Friday, April 5, 2013


On the sleepy spring morning of Thursday, May 29, 1986, a new arrival was eagerly welcomed in the stable by the curious nicker of horses. He was a noble bearing colt, dressed in a rich burgundy satin resembling the colour of a fine red wine. His sharp features of a delicately defined head were anointed with a bright star. Cautiously he peeked his nose out from beneath the camouflage of his mother's tail and craned his somewhat long neck in search of exciting scents in this mysterious world.  He was undeniably handsome from the moment the sack was shed to reveal his true identity.
From his ancestral roots, this colt would show the resilience and survivor instincts that this family of old government bred Morgans are noted for. He would be named in honour of his famous great grand sire, UVM Flash and would be known from that day forward as "Trillium Flashdance.”
As the colt found unsteady support from his wavering long limbs, he clumsily bumped his way along his dam's sides and quarters, until he was rewarded with the warm nourishment from his mother's fulsome teats. Everything had appeared normal up to that point. The foaling went well, the colt seemed alert and inquisitive. He was up and moving with new found strength and improved equilibrium in every step. The mare was grateful for the relief from her aching and swollen udder, as the long suckling noises brought contentment and joy to a famished new member of the equine species.
It was not until the colt had had his fill of that all important protection of colostrum, or first milk, when he turned to greet his dotting human companion and something unusual was revealed. A soft cough was heard and a slow steady trickle of white fluid drained from his nostrils. As the colt returned to nurse at his mother's side, again the milk trickled from the nostrils and the spontaneous cough persisted. Alarm bells rang - something was terribly wrong!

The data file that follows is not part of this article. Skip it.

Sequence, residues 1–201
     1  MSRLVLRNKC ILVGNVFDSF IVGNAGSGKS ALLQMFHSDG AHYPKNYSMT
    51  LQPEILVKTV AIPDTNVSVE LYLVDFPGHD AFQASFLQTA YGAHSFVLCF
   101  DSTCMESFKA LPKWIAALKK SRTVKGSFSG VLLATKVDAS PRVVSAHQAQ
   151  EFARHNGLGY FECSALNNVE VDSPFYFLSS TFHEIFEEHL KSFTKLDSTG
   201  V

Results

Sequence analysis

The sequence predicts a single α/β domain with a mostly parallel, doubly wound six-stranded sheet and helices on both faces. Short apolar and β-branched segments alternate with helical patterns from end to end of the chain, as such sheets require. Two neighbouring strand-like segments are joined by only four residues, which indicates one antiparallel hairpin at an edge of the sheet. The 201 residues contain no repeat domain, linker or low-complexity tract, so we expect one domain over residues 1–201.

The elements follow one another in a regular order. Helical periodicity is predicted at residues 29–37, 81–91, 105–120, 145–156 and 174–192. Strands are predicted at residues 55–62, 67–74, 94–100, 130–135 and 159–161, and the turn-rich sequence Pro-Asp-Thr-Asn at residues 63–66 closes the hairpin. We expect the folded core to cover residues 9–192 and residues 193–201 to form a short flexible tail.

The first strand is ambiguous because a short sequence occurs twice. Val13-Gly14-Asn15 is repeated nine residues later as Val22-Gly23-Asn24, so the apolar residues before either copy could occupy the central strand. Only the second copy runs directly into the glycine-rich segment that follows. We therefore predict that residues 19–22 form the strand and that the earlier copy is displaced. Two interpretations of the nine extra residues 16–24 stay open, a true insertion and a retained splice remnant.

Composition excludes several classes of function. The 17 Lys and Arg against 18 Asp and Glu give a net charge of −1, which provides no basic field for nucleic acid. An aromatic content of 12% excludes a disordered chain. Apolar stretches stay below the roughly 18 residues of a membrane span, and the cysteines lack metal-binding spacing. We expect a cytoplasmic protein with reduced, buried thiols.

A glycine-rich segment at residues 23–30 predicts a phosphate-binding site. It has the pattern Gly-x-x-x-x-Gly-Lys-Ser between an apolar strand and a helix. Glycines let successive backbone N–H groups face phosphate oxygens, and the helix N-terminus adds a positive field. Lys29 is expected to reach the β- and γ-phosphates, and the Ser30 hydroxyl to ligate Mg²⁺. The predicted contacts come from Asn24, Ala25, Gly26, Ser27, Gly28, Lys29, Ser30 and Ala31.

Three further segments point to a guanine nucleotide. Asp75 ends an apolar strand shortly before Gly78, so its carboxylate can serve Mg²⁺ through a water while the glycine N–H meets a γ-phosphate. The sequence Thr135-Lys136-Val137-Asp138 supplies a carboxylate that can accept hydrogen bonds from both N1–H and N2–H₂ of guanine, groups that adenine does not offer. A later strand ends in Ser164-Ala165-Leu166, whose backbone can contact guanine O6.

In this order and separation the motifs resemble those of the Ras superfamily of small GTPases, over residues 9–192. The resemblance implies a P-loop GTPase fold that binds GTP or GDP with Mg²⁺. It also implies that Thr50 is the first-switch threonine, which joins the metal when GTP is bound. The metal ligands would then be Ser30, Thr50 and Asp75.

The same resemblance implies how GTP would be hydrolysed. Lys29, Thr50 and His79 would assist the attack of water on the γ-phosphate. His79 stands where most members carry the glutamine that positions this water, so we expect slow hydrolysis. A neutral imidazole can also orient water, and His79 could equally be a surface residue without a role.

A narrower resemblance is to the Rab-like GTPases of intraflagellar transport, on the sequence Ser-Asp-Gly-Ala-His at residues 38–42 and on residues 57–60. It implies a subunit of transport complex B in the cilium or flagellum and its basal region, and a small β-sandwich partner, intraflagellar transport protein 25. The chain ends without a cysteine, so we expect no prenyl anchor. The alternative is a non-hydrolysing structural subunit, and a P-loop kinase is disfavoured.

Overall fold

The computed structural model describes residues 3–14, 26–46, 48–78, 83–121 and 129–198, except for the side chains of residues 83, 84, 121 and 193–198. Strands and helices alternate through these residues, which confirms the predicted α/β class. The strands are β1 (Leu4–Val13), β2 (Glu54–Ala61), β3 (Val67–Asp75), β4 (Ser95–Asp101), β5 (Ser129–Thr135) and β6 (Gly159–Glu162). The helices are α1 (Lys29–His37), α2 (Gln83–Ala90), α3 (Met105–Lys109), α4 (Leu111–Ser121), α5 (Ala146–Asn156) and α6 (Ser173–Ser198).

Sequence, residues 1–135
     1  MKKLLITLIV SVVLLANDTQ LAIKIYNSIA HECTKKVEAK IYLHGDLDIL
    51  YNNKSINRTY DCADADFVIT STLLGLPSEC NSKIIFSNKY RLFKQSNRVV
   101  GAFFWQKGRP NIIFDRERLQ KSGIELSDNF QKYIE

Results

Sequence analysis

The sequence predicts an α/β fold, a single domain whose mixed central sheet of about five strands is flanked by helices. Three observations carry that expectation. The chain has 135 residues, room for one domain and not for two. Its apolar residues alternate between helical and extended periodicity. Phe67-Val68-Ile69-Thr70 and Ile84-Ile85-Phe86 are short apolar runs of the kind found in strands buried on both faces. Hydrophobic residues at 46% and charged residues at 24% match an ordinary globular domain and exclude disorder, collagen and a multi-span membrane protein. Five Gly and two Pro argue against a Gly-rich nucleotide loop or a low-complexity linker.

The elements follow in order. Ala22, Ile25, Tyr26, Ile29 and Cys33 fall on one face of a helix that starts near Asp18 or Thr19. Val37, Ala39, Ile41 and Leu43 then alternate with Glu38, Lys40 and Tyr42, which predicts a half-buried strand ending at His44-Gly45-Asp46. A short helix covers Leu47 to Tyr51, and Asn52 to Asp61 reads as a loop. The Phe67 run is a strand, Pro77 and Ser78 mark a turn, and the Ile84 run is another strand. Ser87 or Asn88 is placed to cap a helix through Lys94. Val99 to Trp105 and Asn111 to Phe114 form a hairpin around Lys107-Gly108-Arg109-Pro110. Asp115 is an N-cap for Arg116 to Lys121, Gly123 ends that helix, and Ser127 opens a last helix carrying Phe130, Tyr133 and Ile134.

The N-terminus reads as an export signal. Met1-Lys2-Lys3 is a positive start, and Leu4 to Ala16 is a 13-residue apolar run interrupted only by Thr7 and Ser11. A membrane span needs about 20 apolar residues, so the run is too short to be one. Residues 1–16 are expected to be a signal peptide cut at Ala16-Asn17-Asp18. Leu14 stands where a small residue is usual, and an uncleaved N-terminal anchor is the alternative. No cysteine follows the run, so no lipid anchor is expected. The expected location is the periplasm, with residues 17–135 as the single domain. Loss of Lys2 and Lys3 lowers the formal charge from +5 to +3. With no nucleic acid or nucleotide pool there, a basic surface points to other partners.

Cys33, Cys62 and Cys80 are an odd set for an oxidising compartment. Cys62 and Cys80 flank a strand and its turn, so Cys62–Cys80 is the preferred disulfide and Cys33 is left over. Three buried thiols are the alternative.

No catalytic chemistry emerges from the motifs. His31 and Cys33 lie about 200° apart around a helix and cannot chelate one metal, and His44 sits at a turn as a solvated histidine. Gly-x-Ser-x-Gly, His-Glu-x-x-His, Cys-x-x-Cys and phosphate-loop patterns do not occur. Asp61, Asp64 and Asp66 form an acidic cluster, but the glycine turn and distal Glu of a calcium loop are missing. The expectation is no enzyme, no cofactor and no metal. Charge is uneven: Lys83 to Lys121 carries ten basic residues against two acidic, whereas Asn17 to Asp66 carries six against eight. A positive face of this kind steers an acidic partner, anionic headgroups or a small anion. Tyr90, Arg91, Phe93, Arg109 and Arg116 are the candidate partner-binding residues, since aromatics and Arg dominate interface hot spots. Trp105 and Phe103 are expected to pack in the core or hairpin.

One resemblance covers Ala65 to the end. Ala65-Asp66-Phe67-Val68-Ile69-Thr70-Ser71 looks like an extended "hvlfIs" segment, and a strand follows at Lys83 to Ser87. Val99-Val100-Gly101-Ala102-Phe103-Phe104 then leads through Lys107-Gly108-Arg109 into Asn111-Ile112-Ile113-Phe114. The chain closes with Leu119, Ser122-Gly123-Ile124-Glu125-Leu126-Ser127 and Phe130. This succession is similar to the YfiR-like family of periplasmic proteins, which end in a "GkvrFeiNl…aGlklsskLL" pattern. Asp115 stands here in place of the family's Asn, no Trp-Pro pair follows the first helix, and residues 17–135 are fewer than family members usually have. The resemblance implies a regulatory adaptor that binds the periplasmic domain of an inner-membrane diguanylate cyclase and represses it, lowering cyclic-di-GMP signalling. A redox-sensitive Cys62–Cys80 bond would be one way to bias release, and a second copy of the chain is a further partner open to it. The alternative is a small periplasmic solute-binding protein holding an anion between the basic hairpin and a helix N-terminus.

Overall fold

The usual visit by the veterinarian was hastened this time when the observations of the new born colt were relayed. The arrival and diagnosis of the attending veterinarian set in motion an emergency plan of action. Within twenty-four hours, Flash and his mom were loaded into the now converted box stall in the spacious six horse trailer and were on route for a two hour journey to Large Animal Admissions at the University of Guelph (Equine Centre).
On May 30, Flash was examined by a battalion of veterinarians and surgeons. The endoscopic examination and diagnosis was that Flash had a soft cleft palate or incomplete closure affecting his windpipe and trachea. There were three options of choice available:  do nothing and let nature take its course; euthanize the colt, or surgery. Without surgery, he may not have survived and might quite possibly succumb to respiratory failure via pneumonia or infection. The time for surgery with the best prognosis, was now.
The decision we came to was to give this darling little fellow, a chance. So less than a week from his birth, Flash underwent his life-saving operation to repair his palate.  As with any surgery, there was no guarantee that the operation would be totally successful. Indicators of its success would be observed in his latter progression and rate of growth . There was no way of foretelling the fate of this little Morgan colt.